This is a rush transcript from "Your World With Neil Cavuto," November 10, 2009. This copy may not be in its final form and may be updated.
NEIL CAVUTO, HOST: Costs the biggest reason my next guest voted against the House bill. He's now taking heat back home for it. Does he regret it?
With us now, Democratic Congressman, chairman of the so-called Blue Dog caucus, Jim Matheson.
Congressman, you're in — in deep mud, I guess, over this, but — but why did you take your stand?
REP. JIM MATHESON, D-UTAH: I don't think I'm necessarily in deep mud, Neil.
But I will say this. All along, I have said, if we're going to do health care reform, it's actually got to be real reform. And I have got to be convinced that it's going to reduce this excessive growth in our health care costs in America.
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And, just a week ago today, I met with the head of the Congressional Budget Office, Doug Elmendorf, and he said the House bill doesn't move spending in a trajectory where it's lowering increases in health care costs.
CAVUTO: He told you that?
MATHESON: In fact, it was the opposite.
CAVUTO: Elmendorf told you that?
MATHESON: Sure. Sure. He said it also in a letter to Senator Baucus a couple of weeks ago.
So, it's out there, that the trajectory of health care costs under the House bill goes up in the out years. That's not reform. And I will tell you, we can't sustain the path we're on. But, if we're going to pass a health care bill, we ought to try to change that path.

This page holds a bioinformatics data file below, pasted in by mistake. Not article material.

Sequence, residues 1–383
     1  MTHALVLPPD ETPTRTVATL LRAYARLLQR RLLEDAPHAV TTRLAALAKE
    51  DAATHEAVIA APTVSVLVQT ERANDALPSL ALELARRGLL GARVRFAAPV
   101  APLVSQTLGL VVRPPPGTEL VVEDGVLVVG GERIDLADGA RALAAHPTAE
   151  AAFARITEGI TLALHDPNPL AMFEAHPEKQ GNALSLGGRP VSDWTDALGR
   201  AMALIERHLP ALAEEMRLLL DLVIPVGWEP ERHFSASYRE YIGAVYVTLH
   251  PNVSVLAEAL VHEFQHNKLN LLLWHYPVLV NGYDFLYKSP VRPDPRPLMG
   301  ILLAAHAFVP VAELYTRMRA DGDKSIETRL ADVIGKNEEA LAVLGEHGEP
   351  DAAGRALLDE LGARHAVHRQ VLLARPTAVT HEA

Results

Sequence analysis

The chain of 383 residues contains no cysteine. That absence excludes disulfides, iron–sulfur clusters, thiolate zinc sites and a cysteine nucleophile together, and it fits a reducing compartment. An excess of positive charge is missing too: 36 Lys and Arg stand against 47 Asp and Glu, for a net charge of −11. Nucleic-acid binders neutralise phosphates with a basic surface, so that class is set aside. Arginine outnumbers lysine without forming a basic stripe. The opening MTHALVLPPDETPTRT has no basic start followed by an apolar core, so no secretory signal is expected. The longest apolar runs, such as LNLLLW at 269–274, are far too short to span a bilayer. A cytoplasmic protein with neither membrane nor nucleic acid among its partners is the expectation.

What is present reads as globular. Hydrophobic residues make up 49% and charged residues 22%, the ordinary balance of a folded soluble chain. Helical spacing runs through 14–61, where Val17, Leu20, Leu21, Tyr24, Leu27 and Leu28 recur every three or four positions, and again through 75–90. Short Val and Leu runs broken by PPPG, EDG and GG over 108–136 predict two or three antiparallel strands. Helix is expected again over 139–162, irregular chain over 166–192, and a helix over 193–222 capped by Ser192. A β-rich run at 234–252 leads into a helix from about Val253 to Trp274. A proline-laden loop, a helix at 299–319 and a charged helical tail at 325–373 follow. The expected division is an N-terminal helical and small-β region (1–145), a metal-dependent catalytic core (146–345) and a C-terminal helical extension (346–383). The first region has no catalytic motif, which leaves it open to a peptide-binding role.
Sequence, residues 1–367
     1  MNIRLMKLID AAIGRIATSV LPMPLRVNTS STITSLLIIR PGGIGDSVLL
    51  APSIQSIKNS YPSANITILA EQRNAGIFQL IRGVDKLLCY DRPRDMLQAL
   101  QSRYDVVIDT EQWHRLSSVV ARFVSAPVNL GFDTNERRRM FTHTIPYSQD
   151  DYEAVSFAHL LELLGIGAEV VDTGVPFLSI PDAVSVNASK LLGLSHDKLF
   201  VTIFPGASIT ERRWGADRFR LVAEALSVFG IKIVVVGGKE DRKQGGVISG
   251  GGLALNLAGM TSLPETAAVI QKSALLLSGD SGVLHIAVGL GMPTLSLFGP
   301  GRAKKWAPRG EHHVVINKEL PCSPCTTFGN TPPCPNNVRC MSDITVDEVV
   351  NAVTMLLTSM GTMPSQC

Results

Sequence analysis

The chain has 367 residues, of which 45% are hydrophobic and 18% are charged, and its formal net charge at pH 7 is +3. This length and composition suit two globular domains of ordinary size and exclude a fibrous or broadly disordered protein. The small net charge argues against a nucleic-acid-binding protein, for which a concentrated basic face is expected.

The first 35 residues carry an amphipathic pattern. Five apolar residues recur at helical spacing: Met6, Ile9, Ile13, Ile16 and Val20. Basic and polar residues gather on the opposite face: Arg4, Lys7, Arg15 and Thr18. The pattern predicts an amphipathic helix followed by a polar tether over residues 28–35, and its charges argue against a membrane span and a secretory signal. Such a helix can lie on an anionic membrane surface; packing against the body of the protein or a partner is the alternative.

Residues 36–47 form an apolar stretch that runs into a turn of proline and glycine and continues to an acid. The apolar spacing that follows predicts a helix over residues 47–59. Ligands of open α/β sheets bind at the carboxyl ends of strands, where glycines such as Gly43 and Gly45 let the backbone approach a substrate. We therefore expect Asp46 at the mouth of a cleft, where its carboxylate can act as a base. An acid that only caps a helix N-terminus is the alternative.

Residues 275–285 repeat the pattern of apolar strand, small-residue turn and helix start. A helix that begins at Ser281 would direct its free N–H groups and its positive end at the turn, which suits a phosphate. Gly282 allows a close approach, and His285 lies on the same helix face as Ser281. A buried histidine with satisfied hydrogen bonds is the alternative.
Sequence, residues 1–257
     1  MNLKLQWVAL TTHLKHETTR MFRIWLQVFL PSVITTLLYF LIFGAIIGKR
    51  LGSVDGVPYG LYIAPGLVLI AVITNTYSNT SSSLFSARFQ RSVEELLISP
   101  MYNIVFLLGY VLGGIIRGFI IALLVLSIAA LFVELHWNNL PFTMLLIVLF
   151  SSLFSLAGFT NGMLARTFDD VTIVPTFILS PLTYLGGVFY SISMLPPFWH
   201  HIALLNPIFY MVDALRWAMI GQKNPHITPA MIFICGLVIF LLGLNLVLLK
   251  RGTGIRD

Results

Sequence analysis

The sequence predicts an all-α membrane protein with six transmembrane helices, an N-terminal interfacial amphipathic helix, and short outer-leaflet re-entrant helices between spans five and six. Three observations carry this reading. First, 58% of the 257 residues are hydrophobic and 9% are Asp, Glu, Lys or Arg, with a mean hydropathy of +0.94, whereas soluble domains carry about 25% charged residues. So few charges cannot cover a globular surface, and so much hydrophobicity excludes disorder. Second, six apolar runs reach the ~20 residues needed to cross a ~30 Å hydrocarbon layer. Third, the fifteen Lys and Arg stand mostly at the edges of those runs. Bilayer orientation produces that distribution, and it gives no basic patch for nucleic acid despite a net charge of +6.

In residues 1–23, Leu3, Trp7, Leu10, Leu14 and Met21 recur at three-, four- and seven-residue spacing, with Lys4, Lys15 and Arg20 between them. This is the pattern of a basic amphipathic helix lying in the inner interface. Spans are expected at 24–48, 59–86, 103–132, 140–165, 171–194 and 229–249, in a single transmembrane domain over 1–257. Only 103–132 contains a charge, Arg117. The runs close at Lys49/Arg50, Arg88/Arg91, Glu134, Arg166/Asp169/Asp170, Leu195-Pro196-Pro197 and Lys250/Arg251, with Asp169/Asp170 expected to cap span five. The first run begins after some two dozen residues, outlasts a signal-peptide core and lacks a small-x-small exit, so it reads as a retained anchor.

CAVUTO: Well, then you're saying, Congressman, that they're not.
Now, Nancy Pelosi says they are. So, one of you is — is misguided.
MATHESON: Well, I will tell you what. There are two issues here.
One is the measure of how much it affects the federal deficit. Let me tell you something, Neil. Even with costs growing at a huge amount, if you raise taxes enough, you can cover it so it doesn't add to the deficit. That doesn't sound so good to me.
What we need to talk about, beyond...
CAVUTO: So, you're convinced that much of the ways to pay for this, Congressman — I think half of it roughly comes down to savings that would be realized — I don't see how that happens, but that's the line — and the other half from hiking taxes. You don't see the latter doing it?
MATHESON: Well, what I'm suggesting is, there are two issues. One is whether it's deficit-neutral. Sure, that's an important issue. But we really ought to look at reforming the system, so costs aren't growing so much greater than inflation. That benefits both the federal budget, but it benefits the private sector as well, if you really reformed our health care system.
And I just don't think the House bill did that.
CAVUTO: Does Nancy Pelosi now just ignore you? If she passes you in the hall, she doesn't say anything to you, or what?
MATHESON: I — I — you know what? I — she — I think she will at least say hello to me.
CAVUTO: Really? So, if she has a closed-door meeting, are you ever allowed behind the closed door?
MATHESON: I have had a number of meetings, as head of the Blue Dog Coalition, expressing the issues that I have raised with you right now.
CAVUTO: And what does she say?
MATHESON: Well, there's a difference of opinion about this bill.
CAVUTO: Does it ever get nasty?
MATHESON: I mean, I think that, at the end of the day, you know, there are a couple of big objectives that people are trying to pursue in this bill. And one is coverage for everyone that's uninsured.
MATHESON: But the other objective is, do we really get a handle on these out-of-control costs?
CAVUTO: No, no, I hear you, Congressman.
MATHESON: I — and — and...
CAVUTO: I'm just asking you that, has it ever got nasty between you and the House leadership over this issue?
MATHESON: Oh, has it ever gotten nasty? No.
CAVUTO: Nasty. Mean.
MATHESON: Oh, no, no, no, no. I have been very respectful. So they have.
MATHESON: No, not with me.